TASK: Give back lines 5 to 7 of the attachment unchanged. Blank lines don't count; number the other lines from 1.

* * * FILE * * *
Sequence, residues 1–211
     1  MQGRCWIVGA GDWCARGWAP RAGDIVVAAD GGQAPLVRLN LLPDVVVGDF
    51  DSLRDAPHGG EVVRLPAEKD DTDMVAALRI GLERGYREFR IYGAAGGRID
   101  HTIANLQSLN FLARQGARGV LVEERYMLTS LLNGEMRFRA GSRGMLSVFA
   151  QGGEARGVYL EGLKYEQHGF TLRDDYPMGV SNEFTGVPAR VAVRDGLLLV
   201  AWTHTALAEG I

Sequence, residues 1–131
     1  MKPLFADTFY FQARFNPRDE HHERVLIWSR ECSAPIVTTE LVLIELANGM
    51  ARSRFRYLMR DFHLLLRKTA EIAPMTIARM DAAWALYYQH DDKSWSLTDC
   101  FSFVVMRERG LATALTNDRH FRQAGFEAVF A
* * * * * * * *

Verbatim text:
   151  QGGEARGVYL EGLKYEQHGF TLRDDYPMGV SNEFTGVPAR VAVRDGLLLV
   201  AWTHTALAEG I

Sequence, residues 1–131